Category Archives: rant

Not just “those people”

When people speak negatively of gay couples, they almost exclusively paint a picture of nameless, faceless people who have nothing to describe them except their genitals. Sorry to be crude, but there it is. They don’t see a person, they see a set of genitals. They don’t realise that these are real people with real lives who have something to offer. They just see “male genitals + male genitals” or “female genitals + female genitals”. Therein lies the root of much of the bias and prejudice.

A couple of weeks ago, I met up with Mum in a shop. I’d just seen that Julia Gillard had been outed and Rudd was back in, and I was excited, and expressed my excitement. The shopkeeper saw fit to comment, and a discussion about politics ensued. That was all fine and well until I mentioned that I don’t like Rowan Ramsey (local politician) because he has ignored the wishes of the people he is supposed to represent, and stated that he will vote no on marriage equality, regardless of what the voters want.

The shopkeeper (who doesn’t know I’m gay; I don’t advertise the fact) saw fit to announce that he has no problem with “those people” as long as they didn’t hit on him (I hate the assumption that gay = predator!), and that they shouldn’t be allowed to have or raise children.

I asked why. He said,
“Because it’s wrong, that’s why.”

I asked how he felt about single mothers, and he said he has no problem with that, because they’re straight. I asked how he knew that they’d be a better mother than a gay woman, and he said ‘they just are’.

I can usually respect other people’s views, but this kind of view is the reason people like me can’t marry, and the reason there’s so much stigma about us raising children. I was raised by a straight couple; my biological father raped me multiple times when I was a child. But hey, he’s straight, so he’s a better parent than a gay guy *rolls eyes*

I ended up walking out of his shop.

See, the thing is that I am not “those people”; most gay people aren’t. I am a woman who is attracted to other women, but I have a name and a face and hopes and dreams and a past and a future. I am somebody’s daughter, somebody’s sister. I have been a mentor to several young folk who refer to me as “Aunty” or “Mum”, folk whose own parents (oddly enough, they were straight) let them down in varying degrees. I am not just a set of genitals.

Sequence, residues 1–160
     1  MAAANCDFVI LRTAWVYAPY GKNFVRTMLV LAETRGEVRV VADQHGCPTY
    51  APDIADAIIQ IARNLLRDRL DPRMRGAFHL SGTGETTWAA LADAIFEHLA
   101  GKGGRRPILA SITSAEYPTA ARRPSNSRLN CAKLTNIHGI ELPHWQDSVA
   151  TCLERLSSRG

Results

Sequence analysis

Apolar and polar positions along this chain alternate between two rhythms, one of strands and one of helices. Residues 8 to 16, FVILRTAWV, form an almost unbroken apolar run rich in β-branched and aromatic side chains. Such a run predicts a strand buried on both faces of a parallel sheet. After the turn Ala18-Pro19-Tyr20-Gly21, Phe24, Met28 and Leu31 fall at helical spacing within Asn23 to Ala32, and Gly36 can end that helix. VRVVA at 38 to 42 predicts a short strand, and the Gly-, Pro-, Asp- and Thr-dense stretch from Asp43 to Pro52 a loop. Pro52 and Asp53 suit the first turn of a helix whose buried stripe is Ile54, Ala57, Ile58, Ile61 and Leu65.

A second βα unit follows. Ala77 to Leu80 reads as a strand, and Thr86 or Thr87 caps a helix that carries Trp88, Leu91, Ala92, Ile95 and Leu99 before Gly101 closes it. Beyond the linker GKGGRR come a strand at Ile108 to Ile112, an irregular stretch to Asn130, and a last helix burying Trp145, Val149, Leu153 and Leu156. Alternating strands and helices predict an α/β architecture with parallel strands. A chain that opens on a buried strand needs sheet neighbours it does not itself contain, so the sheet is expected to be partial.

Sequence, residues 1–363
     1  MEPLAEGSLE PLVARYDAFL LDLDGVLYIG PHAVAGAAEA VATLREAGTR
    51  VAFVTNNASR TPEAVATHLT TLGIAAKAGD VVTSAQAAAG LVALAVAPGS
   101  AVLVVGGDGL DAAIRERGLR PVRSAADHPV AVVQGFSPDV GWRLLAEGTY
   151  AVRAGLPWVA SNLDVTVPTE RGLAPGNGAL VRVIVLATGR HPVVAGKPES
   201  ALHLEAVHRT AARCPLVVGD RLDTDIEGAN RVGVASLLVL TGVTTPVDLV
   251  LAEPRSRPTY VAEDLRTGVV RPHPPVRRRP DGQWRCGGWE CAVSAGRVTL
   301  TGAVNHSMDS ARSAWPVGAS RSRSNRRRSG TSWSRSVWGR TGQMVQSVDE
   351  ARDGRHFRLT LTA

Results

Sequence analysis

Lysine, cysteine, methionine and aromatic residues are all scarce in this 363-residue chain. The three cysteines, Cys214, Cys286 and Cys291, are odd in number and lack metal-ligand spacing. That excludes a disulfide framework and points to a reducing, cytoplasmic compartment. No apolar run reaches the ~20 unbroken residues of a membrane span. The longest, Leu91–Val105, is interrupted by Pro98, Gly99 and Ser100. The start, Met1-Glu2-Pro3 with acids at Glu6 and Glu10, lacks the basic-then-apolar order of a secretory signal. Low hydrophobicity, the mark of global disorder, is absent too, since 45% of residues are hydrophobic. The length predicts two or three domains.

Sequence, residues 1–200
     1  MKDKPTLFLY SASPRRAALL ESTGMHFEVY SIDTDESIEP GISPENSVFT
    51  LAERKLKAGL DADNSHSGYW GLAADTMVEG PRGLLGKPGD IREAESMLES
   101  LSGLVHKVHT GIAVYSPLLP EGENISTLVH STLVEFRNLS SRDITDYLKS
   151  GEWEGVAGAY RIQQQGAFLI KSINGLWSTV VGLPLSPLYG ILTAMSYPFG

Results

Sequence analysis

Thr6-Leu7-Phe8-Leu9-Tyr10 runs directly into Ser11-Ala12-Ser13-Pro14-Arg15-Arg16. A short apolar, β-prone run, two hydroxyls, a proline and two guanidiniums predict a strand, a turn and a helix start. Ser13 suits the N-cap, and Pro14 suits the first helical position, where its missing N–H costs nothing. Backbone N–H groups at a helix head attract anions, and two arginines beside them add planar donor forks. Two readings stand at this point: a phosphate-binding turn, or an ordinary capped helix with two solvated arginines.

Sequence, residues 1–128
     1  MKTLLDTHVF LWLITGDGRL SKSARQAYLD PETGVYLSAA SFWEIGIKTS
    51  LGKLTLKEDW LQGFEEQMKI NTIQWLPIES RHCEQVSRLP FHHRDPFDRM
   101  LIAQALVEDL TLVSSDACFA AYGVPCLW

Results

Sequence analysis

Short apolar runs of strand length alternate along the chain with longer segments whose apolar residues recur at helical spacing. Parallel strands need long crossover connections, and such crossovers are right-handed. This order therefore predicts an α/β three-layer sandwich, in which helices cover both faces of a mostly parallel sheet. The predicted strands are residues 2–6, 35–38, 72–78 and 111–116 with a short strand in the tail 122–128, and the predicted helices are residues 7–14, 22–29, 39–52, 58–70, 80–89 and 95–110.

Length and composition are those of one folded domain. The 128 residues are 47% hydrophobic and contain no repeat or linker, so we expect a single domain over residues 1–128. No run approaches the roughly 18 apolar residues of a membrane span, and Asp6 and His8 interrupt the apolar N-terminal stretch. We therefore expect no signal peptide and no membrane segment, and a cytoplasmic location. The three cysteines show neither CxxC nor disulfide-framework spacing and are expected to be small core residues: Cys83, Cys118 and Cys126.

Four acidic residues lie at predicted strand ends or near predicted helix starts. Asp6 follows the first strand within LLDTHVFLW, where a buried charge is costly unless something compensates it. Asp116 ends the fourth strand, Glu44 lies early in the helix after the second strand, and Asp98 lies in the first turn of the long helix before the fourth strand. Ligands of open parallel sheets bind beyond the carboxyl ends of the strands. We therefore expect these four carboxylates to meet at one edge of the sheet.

Gay people are people, just like you. Who we are attracted to does not define who we are.

Rant over.

Disabilities and the PC-Patrol

People try to rename disability as “disABILITY”, handicaps as “handiCAPABLE”, and both as “differently abled”. Of the three, the latter is the only one I don’t find utterly stupid (and borderline offensive!).

I’m sorry, but a disability is a disability, and a handicap is a handicap. If you look at what those words actually mean, and not what the average Joe thinks they mean, then they’re apt.

“Disability”; some aspect of that person is disabled, whether it be a physical or mental function. Think about a machine; it may have five functions, and one or more of them may be disabled. It just means “turned off”, “paused”, “not currently functioning”, “not functioning to full capacity”. It doesn’t mean that the machine is dumb or broken or not capable of other stuff (remember, it has multiple functions), it just means that that particular function is not available. Now think of a quadriplegic; they’re disabled. Their legs have been “turned off”. Their other functions are still active, but that part has been “disabled”. Calling it a “disABILITY” would mean that they could stand if they wanted to, but they’re choosing not to.

“Handicap”; this just means something that makes someone struggle more in a particular area to keep up. Think of a golfing handicap. I’m going to need help with this one, because I’m not familiar with golf, but it refers to the person’s average score or something. It doesn’t mean they can’t play golf, it just means they may require additional coaching or compensation (as in, using a slightly different method/modification) in order to achieve the same score as someone without a handicap, or with less of a handicap. Calling it “handiCAPABLE” means they could play better golf if they’d just TRY!

Now, differently abled, that makes sense. It means that they’re weaker in a particular area, but hey, they’re strong in THIS area. Think of the disabled guy in the wheelchair; running a marathon by foot may be out, but that doesn’t mean he’s not a genius in front of a keyboard. Or if he’s athletically-inclined, maybe he can’t RUN a marathon, but perhaps he can WHEEL it.

To me, swapping one label for another is still saying “there’s something wrong with this person”. You’re still drawing attention to the fact that they have limitations. Saying they’re “differently abled”, however, is accurate, and applies to everyone, not just people with disabilities or handicaps. The focus is on what they can do, or do well, as opposed to what they can’t do.

And don’t get me started on client vs consumer, ugh!

Enough with the political-correctness. Let’s quit focussing on which label we’d prefer to tag people with, and focus on what a person can DO, eh?

And before anyone feels the need to tell me I don’t know what I’m talking about, I identify as disabled due to multiple physical, mental, and cognitive issues. I don’t feel that calling myself disabled/handicapped is derogatory, I feel I’m just stating a fact.

%d bloggers like this: